Friday, September 05, 2003
Reasons to choose life
A motto that I have framed upon my wall, drawn from Deuteronomy chapter 30, always reminds me of my kids, and vice versa: "Before you this day is set good and evil, life and death. Choose life, that you and your descendents might live." Herewith, some specific reminders from today and this week:
This morning, before piling into my car so we could head for her school, my youngest daughter (age 8) spontaneously hugged me for at least a full minute. I can still pick her up easily, but the day will soon come when I can't. "Can you stop growing for a year please?" I managed not to say.
Earlier in the week, en route to said elementary school, my younger son (age 10) and I discussed at length his observations about the relationship between rarity and price-in-Neopoints of various items in the Neopets Virtual Pet online universe. At a red light, I sketched an X and Y axis and elicited his answers to graph a simple supply and demand curve on a napkin. He shrugged: Well, duh, Dad, that's pretty obvious.
Today I picked up my older daughter (age 12) from her middle school, where she'd been on a "casting call-back" for the school's upcoming production of The Unsinkable Molly Brown, in which she's hoping for a modest speaking part; I, of course, think she's perfect for the lead. (This will be her third musical, having had chorus parts in Fiddler on the Roof and Brigadoon the past two years.) I was very relieved to see that not even the eighth-grade girls there had tongue studs, nor did they otherwise look remotely like the young actresses with digitally superimposed tongues in the new movie, "Thirteen." I resisted the urge to extract again the ritual promise from my daughter that she won't even consider a tattoo of any sort until she's at least 30.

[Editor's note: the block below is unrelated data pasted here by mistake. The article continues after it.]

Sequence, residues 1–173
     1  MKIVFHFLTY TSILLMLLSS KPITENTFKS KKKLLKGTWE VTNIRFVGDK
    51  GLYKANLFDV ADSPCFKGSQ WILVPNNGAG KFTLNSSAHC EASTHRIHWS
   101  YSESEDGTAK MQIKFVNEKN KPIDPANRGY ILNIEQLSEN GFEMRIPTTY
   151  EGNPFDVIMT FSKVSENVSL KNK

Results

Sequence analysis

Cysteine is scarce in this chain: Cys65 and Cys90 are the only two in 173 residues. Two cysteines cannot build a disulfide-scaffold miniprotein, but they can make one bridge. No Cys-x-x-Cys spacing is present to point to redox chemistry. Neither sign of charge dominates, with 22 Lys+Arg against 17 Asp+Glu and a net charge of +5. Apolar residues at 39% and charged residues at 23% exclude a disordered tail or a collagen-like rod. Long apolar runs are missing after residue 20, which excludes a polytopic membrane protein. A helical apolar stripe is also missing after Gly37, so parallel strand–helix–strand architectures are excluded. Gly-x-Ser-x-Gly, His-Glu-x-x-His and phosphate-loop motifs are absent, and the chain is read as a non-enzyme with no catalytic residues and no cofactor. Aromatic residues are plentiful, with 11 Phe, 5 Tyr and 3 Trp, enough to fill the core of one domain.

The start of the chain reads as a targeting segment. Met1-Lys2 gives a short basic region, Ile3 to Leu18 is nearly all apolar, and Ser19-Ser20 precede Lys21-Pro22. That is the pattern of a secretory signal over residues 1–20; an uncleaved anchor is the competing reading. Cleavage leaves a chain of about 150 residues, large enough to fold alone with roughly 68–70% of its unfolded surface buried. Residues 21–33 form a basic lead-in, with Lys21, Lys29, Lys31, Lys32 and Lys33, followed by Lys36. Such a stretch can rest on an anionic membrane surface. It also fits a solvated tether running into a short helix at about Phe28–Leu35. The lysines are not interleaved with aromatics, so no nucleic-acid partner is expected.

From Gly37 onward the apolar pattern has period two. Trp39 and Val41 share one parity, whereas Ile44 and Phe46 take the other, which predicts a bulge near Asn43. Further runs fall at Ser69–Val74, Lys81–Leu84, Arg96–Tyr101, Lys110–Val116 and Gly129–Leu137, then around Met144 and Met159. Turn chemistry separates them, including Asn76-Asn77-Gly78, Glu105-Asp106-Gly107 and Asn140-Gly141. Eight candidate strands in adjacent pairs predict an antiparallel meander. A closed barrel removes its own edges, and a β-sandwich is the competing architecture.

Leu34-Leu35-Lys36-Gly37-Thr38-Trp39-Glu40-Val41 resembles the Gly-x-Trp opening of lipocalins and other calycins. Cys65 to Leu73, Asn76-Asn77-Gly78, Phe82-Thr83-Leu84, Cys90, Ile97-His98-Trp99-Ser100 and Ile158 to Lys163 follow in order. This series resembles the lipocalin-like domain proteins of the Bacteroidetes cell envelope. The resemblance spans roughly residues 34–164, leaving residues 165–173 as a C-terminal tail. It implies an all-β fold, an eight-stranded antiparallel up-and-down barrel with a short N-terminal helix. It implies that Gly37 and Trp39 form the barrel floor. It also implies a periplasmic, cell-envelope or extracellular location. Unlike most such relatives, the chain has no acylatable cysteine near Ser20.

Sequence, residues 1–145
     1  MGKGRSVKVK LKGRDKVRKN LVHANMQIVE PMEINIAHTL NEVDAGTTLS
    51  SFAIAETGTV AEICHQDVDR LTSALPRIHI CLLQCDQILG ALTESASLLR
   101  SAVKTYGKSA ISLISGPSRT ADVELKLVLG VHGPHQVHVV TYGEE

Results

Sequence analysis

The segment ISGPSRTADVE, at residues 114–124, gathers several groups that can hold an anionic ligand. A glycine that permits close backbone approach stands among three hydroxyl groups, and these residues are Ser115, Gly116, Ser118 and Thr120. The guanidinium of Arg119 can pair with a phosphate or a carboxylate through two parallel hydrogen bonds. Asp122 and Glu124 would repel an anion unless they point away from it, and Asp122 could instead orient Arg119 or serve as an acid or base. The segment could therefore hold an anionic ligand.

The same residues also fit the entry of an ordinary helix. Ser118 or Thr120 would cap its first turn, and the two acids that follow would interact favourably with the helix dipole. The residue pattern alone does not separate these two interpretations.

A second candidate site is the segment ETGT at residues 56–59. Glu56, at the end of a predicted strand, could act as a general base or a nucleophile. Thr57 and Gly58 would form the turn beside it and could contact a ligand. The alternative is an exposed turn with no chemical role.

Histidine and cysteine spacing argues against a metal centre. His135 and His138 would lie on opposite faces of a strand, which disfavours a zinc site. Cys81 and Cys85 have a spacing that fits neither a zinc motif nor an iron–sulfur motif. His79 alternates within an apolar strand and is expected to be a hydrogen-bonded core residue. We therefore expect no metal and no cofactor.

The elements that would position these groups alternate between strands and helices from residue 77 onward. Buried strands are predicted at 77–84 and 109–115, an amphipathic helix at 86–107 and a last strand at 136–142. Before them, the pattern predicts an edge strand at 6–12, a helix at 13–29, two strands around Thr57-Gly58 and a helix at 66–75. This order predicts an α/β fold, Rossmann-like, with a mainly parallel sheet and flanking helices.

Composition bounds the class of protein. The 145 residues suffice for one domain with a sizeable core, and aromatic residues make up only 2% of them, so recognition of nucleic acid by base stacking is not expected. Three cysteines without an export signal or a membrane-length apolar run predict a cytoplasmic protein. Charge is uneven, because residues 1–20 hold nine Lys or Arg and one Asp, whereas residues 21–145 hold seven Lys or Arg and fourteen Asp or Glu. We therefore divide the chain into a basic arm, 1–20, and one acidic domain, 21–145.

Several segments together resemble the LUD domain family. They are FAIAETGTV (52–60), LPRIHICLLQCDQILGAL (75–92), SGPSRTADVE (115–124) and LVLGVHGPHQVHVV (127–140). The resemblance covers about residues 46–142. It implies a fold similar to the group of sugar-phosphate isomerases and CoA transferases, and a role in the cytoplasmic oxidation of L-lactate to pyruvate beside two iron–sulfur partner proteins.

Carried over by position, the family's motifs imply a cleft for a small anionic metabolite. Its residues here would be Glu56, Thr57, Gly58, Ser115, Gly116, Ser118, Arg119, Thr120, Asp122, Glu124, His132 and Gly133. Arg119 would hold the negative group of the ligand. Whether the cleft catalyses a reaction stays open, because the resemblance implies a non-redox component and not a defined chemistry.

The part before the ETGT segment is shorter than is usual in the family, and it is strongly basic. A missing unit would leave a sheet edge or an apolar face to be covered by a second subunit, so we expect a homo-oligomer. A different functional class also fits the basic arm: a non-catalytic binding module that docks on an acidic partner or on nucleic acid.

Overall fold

Then, for the first time ever, I was a passenger in my own automobile as it was being driven by my oldest son, a young man of 15 who's taking Driver's Ed. I was calm, and limited myself to sidelong glances at him, and tried not to babble about my vivid memories from the night he was born. He drove very cautiously; he's still blazing the neural pathways that connect hand and eye and foot and inner ear. By Thanksgiving, when he's 16, I expect I'll have an impulse to make very different comments from the one I bit back today: "You can go a bit faster now, son."
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